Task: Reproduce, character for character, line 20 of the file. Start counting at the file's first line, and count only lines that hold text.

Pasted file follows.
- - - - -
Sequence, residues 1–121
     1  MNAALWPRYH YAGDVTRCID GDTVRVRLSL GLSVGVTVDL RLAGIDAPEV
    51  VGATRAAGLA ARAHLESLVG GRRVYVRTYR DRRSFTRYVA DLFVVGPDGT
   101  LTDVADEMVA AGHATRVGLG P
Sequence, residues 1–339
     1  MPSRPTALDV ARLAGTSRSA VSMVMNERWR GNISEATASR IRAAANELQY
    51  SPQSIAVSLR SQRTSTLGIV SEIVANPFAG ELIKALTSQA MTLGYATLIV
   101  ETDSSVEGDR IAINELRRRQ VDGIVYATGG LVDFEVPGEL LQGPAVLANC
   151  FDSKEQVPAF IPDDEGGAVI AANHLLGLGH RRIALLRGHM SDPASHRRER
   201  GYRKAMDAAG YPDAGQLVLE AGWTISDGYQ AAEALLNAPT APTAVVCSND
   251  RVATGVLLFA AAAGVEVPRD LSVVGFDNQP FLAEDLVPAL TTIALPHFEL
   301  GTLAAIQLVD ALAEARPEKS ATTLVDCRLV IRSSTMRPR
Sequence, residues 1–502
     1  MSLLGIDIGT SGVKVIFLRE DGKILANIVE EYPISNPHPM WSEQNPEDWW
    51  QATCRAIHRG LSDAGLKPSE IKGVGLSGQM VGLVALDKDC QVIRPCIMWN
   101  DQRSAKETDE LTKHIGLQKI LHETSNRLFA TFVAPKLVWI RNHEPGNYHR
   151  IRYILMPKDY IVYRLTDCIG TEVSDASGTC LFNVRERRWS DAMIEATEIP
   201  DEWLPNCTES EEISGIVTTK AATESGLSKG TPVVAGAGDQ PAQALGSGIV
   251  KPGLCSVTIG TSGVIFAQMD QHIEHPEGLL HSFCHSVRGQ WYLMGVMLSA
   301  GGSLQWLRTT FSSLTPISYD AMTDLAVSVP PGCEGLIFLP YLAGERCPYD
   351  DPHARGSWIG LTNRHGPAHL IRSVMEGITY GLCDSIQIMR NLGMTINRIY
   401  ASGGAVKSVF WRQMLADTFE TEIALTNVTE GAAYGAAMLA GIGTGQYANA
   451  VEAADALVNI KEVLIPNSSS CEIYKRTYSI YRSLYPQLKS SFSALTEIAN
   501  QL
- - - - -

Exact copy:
   301  GGSLQWLRTT FSSLTPISYD AMTDLAVSVP PGCEGLIFLP YLAGERCPYD